“We have to expose them for what they are,” Taoiseach Leo Varadkar told his parliamentary party, in the course of a barrage of criticism of Fianna Fáil on Wednesday night.
Fianna Fáil, he told his TDs, would “bankrupt the country, as they have done in the past”.
Fianna Fáil's finance spokesman Michael McGrath (not the leader, noticeably) issued a spirited response, which he repeated on RTÉ's Morning Ireland: it was "political mudslinging". He trumpeted Fianna Fáil's record on supporting the budgets and pointing out – not unfairly – that it was Fine Gael who made the biggest promise of the last election: to abolish the Universal Social Charge.
As ever, senior political figures in both parties were more frank, speaking privately. The barbs were sharper, profane and more personalised.
That’s not unusual. But the exchanges this week are part of a trend of hostility between the two parties that has been growing in recent months.
They believe Fianna Fáil's job is to shut up and let them do whatever they want
In the Dáil earlier that day, Varadkar accused his partners in the confidence and supply agreement of dishonesty: “when people go around the country promising every interest group they will do everything they ask this year . . . As is always the case, the truth hurts. That is what Deputy Micheál Martin’s party is doing and I am keeping a record of all the promises his spokespersons are making as the weeks go by. Hundreds of millions in extra spending are being promised every week for every interest group and it is all being promised now. That is exactly the kind of philosophy that landed this country in the hole out of which we had to take it a number of years ago.”
Stiffened with excitement
His backbenchers stiffened with excitement – they love this stuff – while the Fianna Fáilers slouched sourly.
“They believe Fianna Fáil’s job is to shut up and let them do whatever they want,” said one senior figure. The rest of his observation was colourful, indicating an unwillingness to follow this course of action.
Varadkar does not do this kind of thing by accident. And Fine Gael sources close to the thinking of the leadership say that this marks a deliberate departure: the party wants to get back talking about the economy, and get back to attacking Fianna Fáil’s record on it.
So Fine Gael has produced a dossier of Fianna Fáil promises, and is stacking up the numbers to throw back at them. Some of the Fine Gael numbers are speculative, to say the least, but they have a point about Fianna Fáil showing plenty of leg to interest groups of late. That tends to be what opposition parties do, of course.
But there’s another dynamic at play here too: the deterioration in relations between the two parties, and their leaders, has been evident for some time.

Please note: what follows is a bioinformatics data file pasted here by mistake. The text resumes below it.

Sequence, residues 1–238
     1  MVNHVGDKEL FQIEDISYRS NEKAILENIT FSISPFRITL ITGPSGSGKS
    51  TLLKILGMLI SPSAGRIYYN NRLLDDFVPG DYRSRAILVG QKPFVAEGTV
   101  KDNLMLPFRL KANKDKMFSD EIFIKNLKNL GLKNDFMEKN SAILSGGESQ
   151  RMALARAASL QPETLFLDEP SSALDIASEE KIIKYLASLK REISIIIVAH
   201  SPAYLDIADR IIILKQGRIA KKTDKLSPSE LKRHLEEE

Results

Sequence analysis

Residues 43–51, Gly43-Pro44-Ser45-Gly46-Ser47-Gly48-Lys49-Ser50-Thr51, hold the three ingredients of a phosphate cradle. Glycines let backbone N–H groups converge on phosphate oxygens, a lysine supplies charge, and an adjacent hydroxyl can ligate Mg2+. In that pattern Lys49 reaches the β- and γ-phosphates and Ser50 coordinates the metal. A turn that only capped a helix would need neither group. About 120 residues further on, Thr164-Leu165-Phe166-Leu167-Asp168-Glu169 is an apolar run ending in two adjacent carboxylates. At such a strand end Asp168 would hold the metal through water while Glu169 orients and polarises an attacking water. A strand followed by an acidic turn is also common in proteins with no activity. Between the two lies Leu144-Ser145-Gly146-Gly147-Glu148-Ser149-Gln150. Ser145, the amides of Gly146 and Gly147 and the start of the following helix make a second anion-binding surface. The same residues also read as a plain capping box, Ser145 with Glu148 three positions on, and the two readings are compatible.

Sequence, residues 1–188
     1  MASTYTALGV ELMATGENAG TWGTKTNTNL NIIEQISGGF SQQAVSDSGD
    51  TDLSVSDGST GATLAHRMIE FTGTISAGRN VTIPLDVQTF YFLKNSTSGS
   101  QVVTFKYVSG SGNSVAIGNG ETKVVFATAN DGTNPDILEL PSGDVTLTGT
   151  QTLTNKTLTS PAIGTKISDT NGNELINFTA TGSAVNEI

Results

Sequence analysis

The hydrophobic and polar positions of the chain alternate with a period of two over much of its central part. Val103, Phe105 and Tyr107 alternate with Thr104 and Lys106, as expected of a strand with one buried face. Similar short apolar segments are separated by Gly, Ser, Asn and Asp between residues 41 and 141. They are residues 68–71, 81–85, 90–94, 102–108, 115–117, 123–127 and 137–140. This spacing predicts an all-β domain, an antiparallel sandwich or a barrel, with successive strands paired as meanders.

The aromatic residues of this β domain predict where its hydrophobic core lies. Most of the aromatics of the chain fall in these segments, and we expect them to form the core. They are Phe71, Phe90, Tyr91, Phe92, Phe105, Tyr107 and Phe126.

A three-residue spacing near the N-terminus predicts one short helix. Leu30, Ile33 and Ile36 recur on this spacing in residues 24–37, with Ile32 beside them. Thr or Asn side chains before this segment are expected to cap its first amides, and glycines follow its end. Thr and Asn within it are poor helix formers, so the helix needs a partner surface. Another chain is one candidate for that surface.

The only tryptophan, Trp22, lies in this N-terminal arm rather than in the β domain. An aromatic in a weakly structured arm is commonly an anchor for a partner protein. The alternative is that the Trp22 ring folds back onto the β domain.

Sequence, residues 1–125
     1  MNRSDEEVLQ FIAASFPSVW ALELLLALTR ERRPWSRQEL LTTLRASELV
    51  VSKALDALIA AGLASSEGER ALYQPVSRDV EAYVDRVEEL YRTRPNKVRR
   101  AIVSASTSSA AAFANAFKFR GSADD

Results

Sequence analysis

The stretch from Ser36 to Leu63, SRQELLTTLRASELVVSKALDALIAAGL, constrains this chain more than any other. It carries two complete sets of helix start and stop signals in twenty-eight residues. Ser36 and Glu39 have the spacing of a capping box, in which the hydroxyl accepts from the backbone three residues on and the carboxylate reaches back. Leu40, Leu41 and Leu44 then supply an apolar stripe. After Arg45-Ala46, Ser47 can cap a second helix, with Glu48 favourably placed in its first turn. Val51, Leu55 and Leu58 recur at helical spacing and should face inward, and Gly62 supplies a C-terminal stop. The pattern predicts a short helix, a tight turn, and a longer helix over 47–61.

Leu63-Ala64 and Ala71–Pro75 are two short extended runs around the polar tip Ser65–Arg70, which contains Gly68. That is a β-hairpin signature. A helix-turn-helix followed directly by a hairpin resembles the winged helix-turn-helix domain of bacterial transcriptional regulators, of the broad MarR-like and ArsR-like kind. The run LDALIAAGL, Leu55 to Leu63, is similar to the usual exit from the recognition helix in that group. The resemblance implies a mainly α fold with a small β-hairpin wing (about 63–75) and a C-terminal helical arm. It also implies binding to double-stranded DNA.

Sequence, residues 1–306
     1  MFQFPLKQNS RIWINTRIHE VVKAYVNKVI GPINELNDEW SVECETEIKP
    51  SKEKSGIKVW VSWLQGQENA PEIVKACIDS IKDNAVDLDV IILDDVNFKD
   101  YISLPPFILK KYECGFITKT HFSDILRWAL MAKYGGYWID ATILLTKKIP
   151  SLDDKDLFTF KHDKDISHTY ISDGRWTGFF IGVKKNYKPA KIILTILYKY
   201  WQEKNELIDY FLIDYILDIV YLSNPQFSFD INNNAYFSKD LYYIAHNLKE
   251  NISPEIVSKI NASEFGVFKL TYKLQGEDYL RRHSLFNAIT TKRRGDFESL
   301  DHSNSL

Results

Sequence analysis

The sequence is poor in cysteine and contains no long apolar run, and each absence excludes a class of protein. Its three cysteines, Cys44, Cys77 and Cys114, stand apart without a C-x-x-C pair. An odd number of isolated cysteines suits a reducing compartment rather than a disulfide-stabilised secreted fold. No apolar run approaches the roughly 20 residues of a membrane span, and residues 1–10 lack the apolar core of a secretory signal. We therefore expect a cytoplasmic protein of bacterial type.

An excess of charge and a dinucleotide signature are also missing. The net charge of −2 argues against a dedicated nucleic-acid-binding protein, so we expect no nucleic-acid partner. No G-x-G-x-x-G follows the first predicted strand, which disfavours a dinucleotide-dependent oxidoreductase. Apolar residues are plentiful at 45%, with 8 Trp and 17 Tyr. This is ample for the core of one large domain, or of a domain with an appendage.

In a way, this is not surprising. Varadkar was elected leader by his party partly on the promise to stand up to Fianna Fáil, which many Fine Gaelers inside and outside Government felt was pushing Enda Kenny around.
Since then, relations have soured considerably. Enda Kenny and Micheál Martin did not click on a personal level, but they had shared experiences, shared understandings and established a passable modus operandi between them. Varadkar and Martin, by contrast, are from different planets.
Martin has had the better of their face-offs so far. Varadkar backed down on Frances Fitzgerald, and again on the Strategic Communications Unit. But he is a quick student, and better at ruffling Fianna Fáil’s feathers than he sometimes realises.
Fine Gael is acutely aware it got the timing of the last election wrong, and is very, very keen not to make that mistake again
Fianna Fáil TDs like to think they have his measure; but they’re not sure. The rivals circle each other warily and suspiciously.
Underpinning all this is the common realisation that the confidence and supply arrangement between the two parties is coming to its end. There is at present zero appetite in Fianna Fáil for it to be renewed, and little expectation in Fine Gael that it will be. If that stays the same – and there’s little sign that it won’t – then we are in the ante-room to a general election.
So the question becomes about timing. Fine Gael is acutely aware it got the timing of the last election wrong, and is very, very keen not to make that mistake again. Within Government circles, there is a dread of concluding the budget, and then finding themselves at Fianna Fáil’s mercy.
Varadkar’s people are keen to go at a time of their choosing, not of Micheál Martin’s.
Stephen Collins's column in Thursday's Irish Times, arguing that Varadkar should go to the country after the abortion referendum, caused a wobble of excitement in Leinster House. In truth, few people in either of the big parties expect a pre-summer election. But they expect one pretty soon after that.
That is what is at the root of the skirmishing of recent days. It also suggests it will not let up until voters go to the polls.